Nonprescription drugs, galactogogue recipe book, and more useful info from Dr. Frank Nice

Many websites try to put all information about everything they can imagine someone wanting to know about their topic on their pages. It can make websites difficult to use and even harder to evaluate the quality of their information. Pharmacist Dr. Nice has resisted that trend. His website has information about how to buy his books (which I haven’t done yet but they look appealing), counseling tips for healthcare providers working with breastfeeding families, and links that he thinks are useful.


Resources for employers

Many women in the USA return to work while their babies are just weeks or maybe months old. There are many ways employers can support breastfeeding employees – by helping connect mamas and babies for nursing breaks, by providing comfortable and convenient pumping spaces, by helping women access professional and peer breastfeeding support. For practical suggestions for making this work, check out

Many ways to be normal

This is just a sample from a great post by Jaqueline Kent:

The breastfed infants, who were all growing normally, cued to feed between four and 13 times a day. Some of the infants (13%) only ever fed from one breast during each breastfeeding session, while 30% of the infants always fed from both breasts during each breastfeeding session. The remainder sometimes fed from one breast, sometimes fed from both breasts, and occasionally had a ‘cluster feed’, going back to the first breast after finishing feeding on the second breast. For a 24-hour period, mothers measured the milk intake of their infants by weighing their infants before and after each breastfeed, referred to as test-weighing. These data showed that rather than taking the same amount during each breastfeeding session, the infants consumed between 0 mL (the infant went to the breast and apparently suckled but removed no milk) and 240 mL.

Babies can nurse in lots of ways – it’s important to remember to define success in the outcome (thriving babies and parents!) rather than a one-size-fits-all description of how a baby “should” be nursing at any given age.

“Climb Out of the Darkness”

The emotions of having a new baby can be complicated: joy, sadness, love, anxiety. Postpartum can be a rough time for lots of families. The Dane County Perinatal Network is a great resource for parents that are looking for support with the sometimes overwhelming sadness and worry that can come with a new baby.

They have organized a local “Climb Out of the Darkness” to raise awareness of postpartum depression, anxiety, and other mental illnesses related to pregnancy and childbirth. It will be happening on Saturday, June 21 2014 at the Pheasant Branch Conservancy in Middleton. If you want to be a part of this event, they ask that you register in advance (it’s free but they need to know who’s planning to be there). There will be a potluck after the climb so that people can have time to talk and make connections.

Does breastfeeding really need to be interrupted?

It is easy to forget that breastfeeding is much more than just breastmilk. When a nursing mama is sick and needs medical care it can be super stressful to bottle feed, pump & dump – even if her baby is still getting her milk that she expressed earlier. Because of this, it’s a good idea to only interrupt breastfeeding when the baby really is going to be at risk from continuing to nurse. There are great evidence-based resources that are free and available online to help families and care providers make good choices. I have links posted on my library page. A few really useful ones are listed below:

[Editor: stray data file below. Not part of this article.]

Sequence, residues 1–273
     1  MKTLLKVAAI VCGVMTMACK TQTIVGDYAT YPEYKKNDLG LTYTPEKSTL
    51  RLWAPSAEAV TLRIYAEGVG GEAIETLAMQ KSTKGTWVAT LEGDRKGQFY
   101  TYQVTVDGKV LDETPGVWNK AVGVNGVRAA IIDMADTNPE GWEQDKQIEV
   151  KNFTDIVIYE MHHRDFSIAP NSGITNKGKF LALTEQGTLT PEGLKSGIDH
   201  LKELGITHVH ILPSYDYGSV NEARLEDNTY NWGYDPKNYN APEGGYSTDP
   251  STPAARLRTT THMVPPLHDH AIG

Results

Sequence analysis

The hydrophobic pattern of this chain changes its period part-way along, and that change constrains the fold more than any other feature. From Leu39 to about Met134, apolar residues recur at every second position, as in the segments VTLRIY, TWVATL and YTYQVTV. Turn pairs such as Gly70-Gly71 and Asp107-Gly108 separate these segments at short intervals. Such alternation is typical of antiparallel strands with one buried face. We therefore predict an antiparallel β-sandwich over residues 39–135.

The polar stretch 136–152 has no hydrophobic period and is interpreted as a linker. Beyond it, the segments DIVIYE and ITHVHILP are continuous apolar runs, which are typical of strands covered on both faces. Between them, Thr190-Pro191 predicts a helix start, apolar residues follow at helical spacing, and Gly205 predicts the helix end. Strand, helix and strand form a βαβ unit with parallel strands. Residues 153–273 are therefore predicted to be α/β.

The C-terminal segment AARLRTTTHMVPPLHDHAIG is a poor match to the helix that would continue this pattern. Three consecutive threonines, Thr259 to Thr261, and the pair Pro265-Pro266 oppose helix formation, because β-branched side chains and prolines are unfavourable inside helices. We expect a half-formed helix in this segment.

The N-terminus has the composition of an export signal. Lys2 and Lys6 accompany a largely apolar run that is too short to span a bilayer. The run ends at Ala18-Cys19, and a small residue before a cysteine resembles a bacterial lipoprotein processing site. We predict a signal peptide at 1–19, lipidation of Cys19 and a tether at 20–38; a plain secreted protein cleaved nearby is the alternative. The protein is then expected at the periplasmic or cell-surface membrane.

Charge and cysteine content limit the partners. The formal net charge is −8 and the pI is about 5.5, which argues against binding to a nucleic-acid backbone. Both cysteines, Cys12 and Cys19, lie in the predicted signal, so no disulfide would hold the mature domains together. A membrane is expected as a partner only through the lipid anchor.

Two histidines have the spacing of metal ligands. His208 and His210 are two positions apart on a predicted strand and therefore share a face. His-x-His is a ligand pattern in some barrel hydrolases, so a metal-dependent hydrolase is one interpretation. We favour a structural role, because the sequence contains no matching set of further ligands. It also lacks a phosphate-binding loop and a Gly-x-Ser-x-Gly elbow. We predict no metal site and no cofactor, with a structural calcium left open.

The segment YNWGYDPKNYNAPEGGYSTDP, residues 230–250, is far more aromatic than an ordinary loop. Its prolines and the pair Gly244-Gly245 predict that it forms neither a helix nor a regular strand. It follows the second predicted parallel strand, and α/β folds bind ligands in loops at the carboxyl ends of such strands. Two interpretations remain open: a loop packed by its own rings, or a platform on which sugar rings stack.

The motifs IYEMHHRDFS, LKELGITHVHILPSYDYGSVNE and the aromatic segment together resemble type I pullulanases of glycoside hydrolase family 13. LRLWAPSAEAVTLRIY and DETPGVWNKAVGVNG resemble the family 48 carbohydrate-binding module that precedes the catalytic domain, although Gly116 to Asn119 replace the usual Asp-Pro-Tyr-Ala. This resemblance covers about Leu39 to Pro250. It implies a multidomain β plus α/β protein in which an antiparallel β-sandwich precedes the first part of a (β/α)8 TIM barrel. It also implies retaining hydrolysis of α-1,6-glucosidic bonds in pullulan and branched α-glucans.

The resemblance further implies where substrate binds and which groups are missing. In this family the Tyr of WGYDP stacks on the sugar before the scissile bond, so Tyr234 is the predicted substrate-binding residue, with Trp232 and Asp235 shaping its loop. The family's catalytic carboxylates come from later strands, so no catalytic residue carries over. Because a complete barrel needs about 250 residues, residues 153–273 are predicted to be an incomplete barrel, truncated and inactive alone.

American College of Radiology Manual on Contrast Media

Infant Risk Center

More basic biology of milk-making

I was super excited to see this article reporting on research coming out of Cincinnati Children’s Hospital. So many women I see struggle with low milk supply and there are very few answers for them. There is just a lot of basic biology of making milk that we don’t understand. This research is trying to get at some of those answers. From the news release I followed the link to the original journal paper and got even more excited. This paper by Danielle Lemay and colleagues is awesome for several reasons:
– It is a new way to investigate how milk is made. They are looking at the genes that are active during different stages of milk production by getting RNA from milk fat globules. As I understand it, it is sort of a sampling of what’s going on inside the milk-making cells. It is a way to find out what proteins these cells are busy making at different times. Since the researchers are using expressed milk it is easy for the women that participate in the study to give samples (unlike most other ways of getting breast cells for study!).
– They find a connection between insulin and what milk-making cells are doing. I’m still working my way through the paper and don’t entirely understand what they’re saying yet but this general connection is exciting. It could lead to some practical ways to help women that are frustrated with low milk supply. It could also help explain why so many women seem to struggle with production. A quote from one of the authors : “Considering that 20 percent of women between 20 and 44 are prediabetic, it’s conceivable that up to 20 percent of new mothers in the United States are at risk for low milk supply due to insulin dysregulation.” (Laurie Nommsen-Rivers)
– They published in a peer-reviewed, open-access journal, PLOS ONE. That means that anyone can easily access their research – even people like me (or maybe you) that aren’t currently affiliated with a university library or have enough disposable income to purchase journal articles.